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How to brew the perfect cup of loose leaf tea

It can be quite a daunting task when you make your first brew with loose leaf, especially if you've never handled tea leaves before. You will have never met a dedicated tea strainer and your previous brewing methods may have been somewhat lackadaisical; throw a teabag in a mug, show it the water and reflexively jerk it back out before throwing it in the compost. In principle looseleaf is no different, but in practice it's a bit more hands-on.


So, I thought this might be a useful tool for those who are new to loose leaf and while I'm hopeful that it's just as helpful to those who already have worked with it, this post is primarily written with the newcomer in mind. It's probably worth my mentioning that even though I try to be concise with the instructions that I write on each packet when I send it out to someone there's still some room for error (what size spoon, what kind of milk; that sort of thing) that can affect the resulting brew, and these opportunities for error are largely avoidable. I'm sure this is the same for any tea seller. In any case, this set of instructions are still quite open and for the most part just represent how I prefer to brew my own leaves. That isn't to say that it's the only way (more on that later I suppose). With all that preamble out of the way then, let's dig in.



1. The mug. First things first, find your favourite mug. The things I'm thinking about when I pick a mug is its shape and the material its made from, which in turn effect heat retention (how long the brew stays hot for) and the mugs fit (in your hand). For whatever reason, I seem to enjoy tea more when it is in a curved, glass mug. I like being able to watch the brew settle through the glass, even at the expense of the tea cooling a little faster than it might if it was in a ceramic mug and I like it curved because it fits the shape of my hand more succinctly. This might seem trivial but I really do think the right kind of mug means something to the person drinking out of it, why else would we all prefer one over another?


2. The infuser. The first thing you'll have inevitably noticed is that loose leaf means there is no tea bag, hence the need for some means of separating the brew from the leaves later on. Instead of a bag we need either a strainer or an infuser of some sort. I wouldn't say it's worth getting too deep into which ones I prefer right now (although the one in my shop is great if you haven't got one yet), so long as the leaf remains separate from the end brew, it'll do. All I would recommend is avoiding those made from plastic (the plastic may 'sweat' in the brew, which I'm sure can't be good for you) as well as steering clear of those little ball strainers if you're working with very fine tea leaves like rooibos (it just ends up everywhere, including in your brew!).


3. The Leaf. Assuming we're all set let's get started by heaping some loose leaf onto a teaspoon and dunking it into the infuser (for this I've used Carrot Cake). In most cases, this will equate to around 2 grams of tea but we can add more tea to the infuser should we want to make the brew stronger, but I would say one heaped teaspoon is a good starting point (I typically eyeball it now though and I do like mine strong, however in this case I kept the spoon level)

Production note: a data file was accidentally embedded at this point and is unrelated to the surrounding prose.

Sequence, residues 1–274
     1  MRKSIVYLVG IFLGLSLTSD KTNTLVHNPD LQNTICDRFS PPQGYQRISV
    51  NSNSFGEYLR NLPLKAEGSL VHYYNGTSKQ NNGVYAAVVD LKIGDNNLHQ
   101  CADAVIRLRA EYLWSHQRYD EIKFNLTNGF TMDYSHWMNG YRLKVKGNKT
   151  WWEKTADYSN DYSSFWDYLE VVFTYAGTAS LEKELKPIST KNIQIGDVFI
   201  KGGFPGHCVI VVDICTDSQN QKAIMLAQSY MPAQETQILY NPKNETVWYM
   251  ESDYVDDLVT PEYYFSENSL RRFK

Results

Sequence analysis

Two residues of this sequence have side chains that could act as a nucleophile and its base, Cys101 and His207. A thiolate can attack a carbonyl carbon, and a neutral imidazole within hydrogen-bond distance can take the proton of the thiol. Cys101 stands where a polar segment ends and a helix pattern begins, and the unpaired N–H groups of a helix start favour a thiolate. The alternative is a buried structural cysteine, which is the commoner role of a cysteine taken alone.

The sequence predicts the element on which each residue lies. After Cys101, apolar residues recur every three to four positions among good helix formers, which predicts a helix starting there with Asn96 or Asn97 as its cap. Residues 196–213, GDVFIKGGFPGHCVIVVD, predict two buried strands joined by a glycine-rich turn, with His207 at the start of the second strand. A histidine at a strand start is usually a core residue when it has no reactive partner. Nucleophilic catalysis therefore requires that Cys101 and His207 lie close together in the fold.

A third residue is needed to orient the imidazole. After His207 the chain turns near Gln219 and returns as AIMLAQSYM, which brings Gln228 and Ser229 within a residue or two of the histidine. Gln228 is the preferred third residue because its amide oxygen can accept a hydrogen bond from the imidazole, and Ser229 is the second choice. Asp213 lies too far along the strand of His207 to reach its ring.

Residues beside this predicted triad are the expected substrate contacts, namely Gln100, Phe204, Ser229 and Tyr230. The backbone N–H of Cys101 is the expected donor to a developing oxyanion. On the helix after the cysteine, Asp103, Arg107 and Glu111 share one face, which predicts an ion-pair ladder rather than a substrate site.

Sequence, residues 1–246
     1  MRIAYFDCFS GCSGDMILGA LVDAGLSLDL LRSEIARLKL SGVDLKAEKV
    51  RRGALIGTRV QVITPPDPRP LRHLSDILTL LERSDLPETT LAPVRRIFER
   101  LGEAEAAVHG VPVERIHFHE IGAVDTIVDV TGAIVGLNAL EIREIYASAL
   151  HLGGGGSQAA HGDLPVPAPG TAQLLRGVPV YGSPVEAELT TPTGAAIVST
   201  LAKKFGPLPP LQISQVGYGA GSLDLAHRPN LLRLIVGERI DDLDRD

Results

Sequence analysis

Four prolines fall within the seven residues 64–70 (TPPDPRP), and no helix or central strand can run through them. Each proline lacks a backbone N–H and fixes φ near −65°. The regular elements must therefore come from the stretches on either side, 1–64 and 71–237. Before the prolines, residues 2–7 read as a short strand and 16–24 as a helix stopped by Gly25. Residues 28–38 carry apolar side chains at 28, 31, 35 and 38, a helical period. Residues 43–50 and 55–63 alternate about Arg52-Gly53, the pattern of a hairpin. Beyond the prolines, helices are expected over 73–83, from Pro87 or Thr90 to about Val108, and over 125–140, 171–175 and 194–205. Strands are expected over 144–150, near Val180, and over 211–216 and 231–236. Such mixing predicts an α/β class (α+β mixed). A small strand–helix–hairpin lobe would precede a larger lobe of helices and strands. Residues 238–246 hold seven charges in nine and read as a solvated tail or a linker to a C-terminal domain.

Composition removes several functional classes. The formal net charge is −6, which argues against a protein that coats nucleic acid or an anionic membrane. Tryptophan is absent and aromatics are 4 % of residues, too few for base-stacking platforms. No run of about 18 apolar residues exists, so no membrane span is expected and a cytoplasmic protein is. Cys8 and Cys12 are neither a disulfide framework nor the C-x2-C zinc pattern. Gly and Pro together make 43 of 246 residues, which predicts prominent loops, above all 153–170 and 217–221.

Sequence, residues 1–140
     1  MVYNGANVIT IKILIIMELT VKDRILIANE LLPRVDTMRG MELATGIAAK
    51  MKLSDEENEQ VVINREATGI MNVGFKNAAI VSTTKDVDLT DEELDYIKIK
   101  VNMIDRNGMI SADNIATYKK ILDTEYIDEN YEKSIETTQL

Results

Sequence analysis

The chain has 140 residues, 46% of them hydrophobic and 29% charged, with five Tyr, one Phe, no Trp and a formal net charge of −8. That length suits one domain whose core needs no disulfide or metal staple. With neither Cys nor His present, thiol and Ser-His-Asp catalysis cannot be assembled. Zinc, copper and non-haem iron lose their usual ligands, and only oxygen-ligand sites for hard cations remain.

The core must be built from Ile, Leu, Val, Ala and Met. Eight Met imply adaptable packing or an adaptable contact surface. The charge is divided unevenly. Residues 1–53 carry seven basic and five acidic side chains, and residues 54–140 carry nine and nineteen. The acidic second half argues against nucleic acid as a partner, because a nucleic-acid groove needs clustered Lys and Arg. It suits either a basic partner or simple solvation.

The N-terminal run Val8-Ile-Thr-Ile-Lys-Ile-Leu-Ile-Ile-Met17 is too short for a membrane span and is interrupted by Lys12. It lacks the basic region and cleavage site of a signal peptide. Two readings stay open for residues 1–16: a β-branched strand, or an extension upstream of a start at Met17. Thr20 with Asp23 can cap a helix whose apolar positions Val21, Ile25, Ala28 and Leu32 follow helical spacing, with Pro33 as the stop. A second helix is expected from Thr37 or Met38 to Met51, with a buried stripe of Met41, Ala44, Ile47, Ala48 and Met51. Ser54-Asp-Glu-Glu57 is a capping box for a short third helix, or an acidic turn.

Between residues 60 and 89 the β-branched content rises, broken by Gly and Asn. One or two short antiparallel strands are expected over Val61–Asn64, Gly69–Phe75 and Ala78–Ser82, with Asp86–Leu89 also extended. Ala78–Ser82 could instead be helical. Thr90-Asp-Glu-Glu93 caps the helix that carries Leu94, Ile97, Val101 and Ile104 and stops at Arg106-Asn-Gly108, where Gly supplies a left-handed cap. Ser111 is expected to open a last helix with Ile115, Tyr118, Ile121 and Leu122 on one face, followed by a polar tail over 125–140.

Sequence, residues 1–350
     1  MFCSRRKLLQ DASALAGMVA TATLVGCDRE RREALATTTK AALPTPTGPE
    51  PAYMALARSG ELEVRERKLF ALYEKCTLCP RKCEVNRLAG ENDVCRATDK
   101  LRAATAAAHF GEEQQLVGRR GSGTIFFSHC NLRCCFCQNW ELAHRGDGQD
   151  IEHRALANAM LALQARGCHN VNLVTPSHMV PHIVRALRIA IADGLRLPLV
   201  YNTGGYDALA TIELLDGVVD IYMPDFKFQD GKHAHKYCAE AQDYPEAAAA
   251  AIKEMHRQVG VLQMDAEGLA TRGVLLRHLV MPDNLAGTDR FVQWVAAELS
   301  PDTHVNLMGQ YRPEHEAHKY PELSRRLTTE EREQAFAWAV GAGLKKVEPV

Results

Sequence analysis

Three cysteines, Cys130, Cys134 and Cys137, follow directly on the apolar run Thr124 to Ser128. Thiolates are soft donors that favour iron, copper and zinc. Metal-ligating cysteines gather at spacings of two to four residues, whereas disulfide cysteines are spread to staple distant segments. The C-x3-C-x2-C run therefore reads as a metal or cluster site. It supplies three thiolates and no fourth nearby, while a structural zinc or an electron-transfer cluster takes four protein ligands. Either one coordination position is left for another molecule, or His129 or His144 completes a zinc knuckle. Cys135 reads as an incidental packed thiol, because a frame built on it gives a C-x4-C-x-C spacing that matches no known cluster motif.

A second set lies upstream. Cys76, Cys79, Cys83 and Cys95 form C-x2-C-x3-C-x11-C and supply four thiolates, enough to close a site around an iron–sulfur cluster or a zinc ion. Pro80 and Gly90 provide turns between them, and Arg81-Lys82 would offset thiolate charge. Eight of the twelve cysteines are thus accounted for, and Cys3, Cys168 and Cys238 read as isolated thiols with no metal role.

4. The water. I'm hardly treading new territory by explaining to you that adding more water will dilute the tea further, resulting in a weaker tea. Worth equal consideration though is the often overlooked temperature of the water you're brewing with. Too hot and it can scold the leaves making the tea more bitter (often used as interchangeably with strength but I think they're a little different) and too cold and it'll just take forever for the tea to actually brew. For the every day black tea brew you're going to want to boil freshly drawn cold water, allowing that water to cool for a minute or so after its boiled. The detailed reason has something to do with oxygenation or some such thing, but it should suffice to say that like with food, fresher is better. Generally, we'll be aiming for the water temperature to be 100 degrees (unless it states otherwise, which it probably will it ifs a more delicate tea like green or white). Just let the kettle boil, cool and pour.


5. The timing. Pouring the water on we now come to another variable, which is time. We can usually just follow the tea blends instructions for this, but for the everyday blend, around 3 minutes is good. In fact, most of my blends can be done in 3 too. Again, leaving the looseleaf in for any more than the brewing instructions (assuming we've followed everything else to the letter) makes it more likely that the tea will become bitter and overdone. So, time it if you like, with whatever clock or alarm you have around you (I use the one on my phone). When the timer is up, we're finished so take the infuser out your mug swiftly (wash it out and throw away the wet leaves otherwise it's in danger of sticking to the infuser) and then drink it, as soon as you're ready. What you should expect to see throughout this process is a change in what tea experts call the 'liquor', which is a posh way of saying the colour and tone, basically it's appearance. Most likely, it'll develop into something deeper as it goes along but that key change in colour could come very early (like it does with a black tea) or very late (like it does with any cold brew).


And that's it, you're all brewed up so go and enjoy your tea while its still hot (maybe grab a biscuit or two as well just in case of emergency).


Arthur


P.S I quite enjoy writing these sorts of things so if you enjoyed this then feel free to share it to your friends and let me know what you'd like me to cover next either here or through my Instagram.

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